Willow Leaves in Ague.—The "Lancet" says that an Indian surgeon, Chetan Shah by name, has recently revived the use of willow leaves in intermittent fever. This is an old remedy, now almost forgotten in Europe, while the leaves of several species of willow are still largely prescribed by hakims of India and Afghanistan, especially in the form of a distillate. Among the lower classes of Cabul, and especially in women, quinine was found to irritate the bowels, while the juice of the fresh willow leaves, largely diluted with water, rarely failed to cure intermittent fever. In pregnant women the willow leaf is almost always found preferable to quinine.—Med. and Surg. Reporter.
The Action of Quassin.—Dr. Comparden finds that quassin, the active principle of Quassia amara, in moderate dose, produces an increase in the salivary, hepatic and renal secretions, and acts as a stimulant to the muscular fibre of organic life. In doses of 15 milligrams to 15 centigrams, it causes in man a burning pain in the esophagus, headache, nausea, vertigo, dimness of vision, vomiting and diarrhea, and cramps of the muscles of the leg. These symptoms are removed by chloral or chloroform.—Bull. Gén. de Thér.—Phila. Med. News.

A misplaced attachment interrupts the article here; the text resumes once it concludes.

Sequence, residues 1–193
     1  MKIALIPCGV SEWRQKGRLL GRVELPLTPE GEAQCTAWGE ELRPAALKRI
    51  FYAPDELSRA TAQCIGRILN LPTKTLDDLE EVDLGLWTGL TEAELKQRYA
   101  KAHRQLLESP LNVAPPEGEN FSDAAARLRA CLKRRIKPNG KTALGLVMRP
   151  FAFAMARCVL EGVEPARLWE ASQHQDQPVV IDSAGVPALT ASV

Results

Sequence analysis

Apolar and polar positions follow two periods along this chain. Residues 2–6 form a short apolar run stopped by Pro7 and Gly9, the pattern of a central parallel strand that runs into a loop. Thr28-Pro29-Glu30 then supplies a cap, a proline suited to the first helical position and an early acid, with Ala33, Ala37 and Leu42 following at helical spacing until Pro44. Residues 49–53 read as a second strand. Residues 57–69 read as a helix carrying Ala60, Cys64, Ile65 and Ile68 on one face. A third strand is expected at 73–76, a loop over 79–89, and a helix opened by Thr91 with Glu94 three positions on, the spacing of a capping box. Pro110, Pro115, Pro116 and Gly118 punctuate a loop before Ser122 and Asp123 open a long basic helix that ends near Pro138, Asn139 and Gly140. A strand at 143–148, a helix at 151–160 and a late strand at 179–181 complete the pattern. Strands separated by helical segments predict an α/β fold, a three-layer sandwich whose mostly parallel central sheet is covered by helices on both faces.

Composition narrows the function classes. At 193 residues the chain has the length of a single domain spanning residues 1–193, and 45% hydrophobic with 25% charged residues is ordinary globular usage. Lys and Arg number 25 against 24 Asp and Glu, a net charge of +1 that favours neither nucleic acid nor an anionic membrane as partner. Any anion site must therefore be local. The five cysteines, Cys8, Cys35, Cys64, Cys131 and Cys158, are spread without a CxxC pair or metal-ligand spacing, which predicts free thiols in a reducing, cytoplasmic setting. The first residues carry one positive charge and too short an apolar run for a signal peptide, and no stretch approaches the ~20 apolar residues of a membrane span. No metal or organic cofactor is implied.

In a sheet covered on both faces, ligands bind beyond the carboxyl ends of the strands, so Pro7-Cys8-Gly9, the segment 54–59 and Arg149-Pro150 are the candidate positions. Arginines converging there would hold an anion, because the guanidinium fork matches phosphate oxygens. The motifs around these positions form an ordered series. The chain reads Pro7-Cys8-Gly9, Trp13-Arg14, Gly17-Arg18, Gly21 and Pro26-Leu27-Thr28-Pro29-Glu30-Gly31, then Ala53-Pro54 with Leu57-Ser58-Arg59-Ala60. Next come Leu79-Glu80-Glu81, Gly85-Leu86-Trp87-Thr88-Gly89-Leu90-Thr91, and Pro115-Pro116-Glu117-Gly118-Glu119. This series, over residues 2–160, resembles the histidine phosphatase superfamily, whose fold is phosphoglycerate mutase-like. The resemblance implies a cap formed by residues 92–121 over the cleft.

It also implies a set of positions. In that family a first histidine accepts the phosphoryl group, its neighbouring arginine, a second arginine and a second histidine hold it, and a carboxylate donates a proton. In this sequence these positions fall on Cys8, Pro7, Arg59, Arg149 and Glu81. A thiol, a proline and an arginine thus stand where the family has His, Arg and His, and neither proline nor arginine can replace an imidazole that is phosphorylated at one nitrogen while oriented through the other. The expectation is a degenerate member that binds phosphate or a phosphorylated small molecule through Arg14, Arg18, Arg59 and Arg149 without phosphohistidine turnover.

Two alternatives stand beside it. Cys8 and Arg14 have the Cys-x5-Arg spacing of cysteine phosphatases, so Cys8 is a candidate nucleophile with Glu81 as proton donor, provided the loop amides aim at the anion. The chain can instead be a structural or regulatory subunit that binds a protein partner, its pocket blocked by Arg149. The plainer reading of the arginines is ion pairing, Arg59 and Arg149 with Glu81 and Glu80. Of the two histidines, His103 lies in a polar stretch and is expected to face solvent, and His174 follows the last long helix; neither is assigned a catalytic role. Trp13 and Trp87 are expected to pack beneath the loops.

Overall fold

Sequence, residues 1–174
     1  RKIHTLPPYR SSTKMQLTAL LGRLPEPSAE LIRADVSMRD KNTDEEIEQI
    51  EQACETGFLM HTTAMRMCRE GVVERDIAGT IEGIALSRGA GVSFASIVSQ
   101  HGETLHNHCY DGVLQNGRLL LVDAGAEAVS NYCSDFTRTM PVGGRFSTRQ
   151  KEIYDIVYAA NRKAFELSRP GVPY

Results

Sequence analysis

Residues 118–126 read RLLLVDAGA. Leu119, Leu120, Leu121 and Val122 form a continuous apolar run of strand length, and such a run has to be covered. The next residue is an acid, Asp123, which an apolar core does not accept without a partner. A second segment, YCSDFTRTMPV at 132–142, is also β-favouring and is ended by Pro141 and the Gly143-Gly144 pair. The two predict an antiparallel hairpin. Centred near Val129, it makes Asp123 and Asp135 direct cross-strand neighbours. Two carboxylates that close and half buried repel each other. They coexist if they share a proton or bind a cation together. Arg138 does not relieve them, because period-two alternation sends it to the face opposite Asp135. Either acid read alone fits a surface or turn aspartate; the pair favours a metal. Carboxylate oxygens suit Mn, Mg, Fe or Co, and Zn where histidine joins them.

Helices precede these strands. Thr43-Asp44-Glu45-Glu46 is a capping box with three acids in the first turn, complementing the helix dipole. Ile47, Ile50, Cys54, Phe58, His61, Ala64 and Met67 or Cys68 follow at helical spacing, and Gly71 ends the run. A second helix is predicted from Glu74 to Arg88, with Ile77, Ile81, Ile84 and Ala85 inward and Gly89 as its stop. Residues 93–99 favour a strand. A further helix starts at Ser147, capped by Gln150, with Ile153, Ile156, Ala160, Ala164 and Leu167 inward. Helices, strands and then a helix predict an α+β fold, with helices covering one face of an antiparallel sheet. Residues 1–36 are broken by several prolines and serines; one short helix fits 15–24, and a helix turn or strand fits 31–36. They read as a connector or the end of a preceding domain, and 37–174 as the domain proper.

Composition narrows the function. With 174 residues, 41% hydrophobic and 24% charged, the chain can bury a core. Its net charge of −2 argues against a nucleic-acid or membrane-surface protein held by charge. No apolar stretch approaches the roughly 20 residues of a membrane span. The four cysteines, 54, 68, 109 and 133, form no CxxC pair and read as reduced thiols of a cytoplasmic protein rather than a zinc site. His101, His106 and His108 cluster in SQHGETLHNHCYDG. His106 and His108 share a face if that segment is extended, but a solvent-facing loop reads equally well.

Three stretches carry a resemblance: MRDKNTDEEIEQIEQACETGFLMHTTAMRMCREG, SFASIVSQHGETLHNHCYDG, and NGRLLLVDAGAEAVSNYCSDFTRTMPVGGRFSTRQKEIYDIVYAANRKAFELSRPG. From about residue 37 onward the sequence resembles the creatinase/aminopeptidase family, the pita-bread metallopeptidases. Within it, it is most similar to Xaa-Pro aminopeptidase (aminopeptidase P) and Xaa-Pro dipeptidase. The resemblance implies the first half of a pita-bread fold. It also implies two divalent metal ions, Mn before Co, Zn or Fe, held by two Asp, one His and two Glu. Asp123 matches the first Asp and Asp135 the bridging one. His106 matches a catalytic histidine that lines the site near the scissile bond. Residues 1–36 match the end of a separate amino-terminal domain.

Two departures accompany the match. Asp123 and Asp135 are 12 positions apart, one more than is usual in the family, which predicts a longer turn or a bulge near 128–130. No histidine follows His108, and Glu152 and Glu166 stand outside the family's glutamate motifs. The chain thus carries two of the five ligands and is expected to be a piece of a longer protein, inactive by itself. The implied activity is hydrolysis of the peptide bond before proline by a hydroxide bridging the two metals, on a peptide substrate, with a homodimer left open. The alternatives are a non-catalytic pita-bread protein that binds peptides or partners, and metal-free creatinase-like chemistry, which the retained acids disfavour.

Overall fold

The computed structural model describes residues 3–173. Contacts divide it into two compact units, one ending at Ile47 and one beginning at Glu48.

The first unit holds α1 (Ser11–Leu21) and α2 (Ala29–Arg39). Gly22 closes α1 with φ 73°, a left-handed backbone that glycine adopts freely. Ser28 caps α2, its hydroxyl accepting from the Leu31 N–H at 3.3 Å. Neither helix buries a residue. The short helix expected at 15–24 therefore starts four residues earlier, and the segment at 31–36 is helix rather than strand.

Powdered Capsicum as a remedy in sub-acute and chronic rheumatism has been recommended by Mr. A. Drummond MacDonald in the "British Medical Journal." Two drachms to the ounce of lard, to which one of the essential oils may be added to make it more elegant, is the proportion mentioned. It is to be thoroughly rubbed over the affected part by a gloved hand for ten minutes at a time, night and morning, or at bed time only, according to the effect produced. Dry heat applied afterwards intensifies its effect, which lasts for some time.—Weekly Med. Review, March 3, 1883.
Asthma Cigarettes.—Impregnate well nitred paper with an alcoholic fluid extract of grindelia; let dry and use in cigarettes. Owing to the nitre they will continue to glow and develop.—Medical Record. N. Car. Med. Jour., Jan., 1883.